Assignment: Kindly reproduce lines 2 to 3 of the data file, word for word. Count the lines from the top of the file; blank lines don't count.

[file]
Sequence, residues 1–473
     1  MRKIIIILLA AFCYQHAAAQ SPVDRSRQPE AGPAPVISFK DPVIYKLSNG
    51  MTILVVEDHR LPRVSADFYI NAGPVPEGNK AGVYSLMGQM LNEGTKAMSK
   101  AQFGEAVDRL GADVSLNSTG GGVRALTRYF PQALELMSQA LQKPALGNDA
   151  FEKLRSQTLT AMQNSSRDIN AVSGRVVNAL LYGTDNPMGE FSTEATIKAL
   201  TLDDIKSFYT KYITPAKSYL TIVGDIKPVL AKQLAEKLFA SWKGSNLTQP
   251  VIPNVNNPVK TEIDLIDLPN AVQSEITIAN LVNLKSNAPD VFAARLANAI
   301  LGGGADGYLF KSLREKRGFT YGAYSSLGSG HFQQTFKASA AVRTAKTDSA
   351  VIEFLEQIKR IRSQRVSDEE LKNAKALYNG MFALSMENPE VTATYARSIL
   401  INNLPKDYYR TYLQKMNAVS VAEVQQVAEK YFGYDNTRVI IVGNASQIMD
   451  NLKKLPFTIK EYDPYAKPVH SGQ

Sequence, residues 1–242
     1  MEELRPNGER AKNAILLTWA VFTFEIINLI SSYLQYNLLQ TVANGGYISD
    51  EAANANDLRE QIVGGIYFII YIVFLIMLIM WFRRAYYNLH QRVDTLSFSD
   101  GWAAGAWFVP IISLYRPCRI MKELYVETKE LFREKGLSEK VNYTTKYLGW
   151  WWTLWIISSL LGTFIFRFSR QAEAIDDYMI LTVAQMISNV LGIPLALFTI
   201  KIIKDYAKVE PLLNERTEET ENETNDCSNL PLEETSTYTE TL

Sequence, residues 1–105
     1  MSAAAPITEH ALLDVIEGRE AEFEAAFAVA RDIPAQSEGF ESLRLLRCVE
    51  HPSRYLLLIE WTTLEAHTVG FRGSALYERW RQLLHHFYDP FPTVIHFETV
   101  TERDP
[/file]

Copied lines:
     1  MRKIIIILLA AFCYQHAAAQ SPVDRSRQPE AGPAPVISFK DPVIYKLSNG
    51  MTILVVEDHR LPRVSADFYI NAGPVPEGNK AGVYSLMGQM LNEGTKAMSK